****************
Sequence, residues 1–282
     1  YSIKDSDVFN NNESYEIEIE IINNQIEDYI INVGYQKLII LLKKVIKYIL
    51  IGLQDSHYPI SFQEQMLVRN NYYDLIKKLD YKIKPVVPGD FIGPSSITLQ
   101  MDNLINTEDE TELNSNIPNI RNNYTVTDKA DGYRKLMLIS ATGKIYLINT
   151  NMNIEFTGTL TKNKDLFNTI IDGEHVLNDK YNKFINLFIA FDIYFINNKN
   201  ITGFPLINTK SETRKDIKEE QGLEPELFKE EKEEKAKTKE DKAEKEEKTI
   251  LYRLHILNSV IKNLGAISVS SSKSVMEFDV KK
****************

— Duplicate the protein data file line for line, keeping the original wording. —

Sequence, residues 1–282
     1  YSIKDSDVFN NNESYEIEIE IINNQIEDYI INVGYQKLII LLKKVIKYIL
    51  IGLQDSHYPI SFQEQMLVRN NYYDLIKKLD YKIKPVVPGD FIGPSSITLQ
   101  MDNLINTEDE TELNSNIPNI RNNYTVTDKA DGYRKLMLIS ATGKIYLINT
   151  NMNIEFTGTL TKNKDLFNTI IDGEHVLNDK YNKFINLFIA FDIYFINNKN
   201  ITGFPLINTK SETRKDIKEE QGLEPELFKE EKEEKAKTKE DKAEKEEKTI
   251  LYRLHILNSV IKNLGAISVS SSKSVMEFDV KK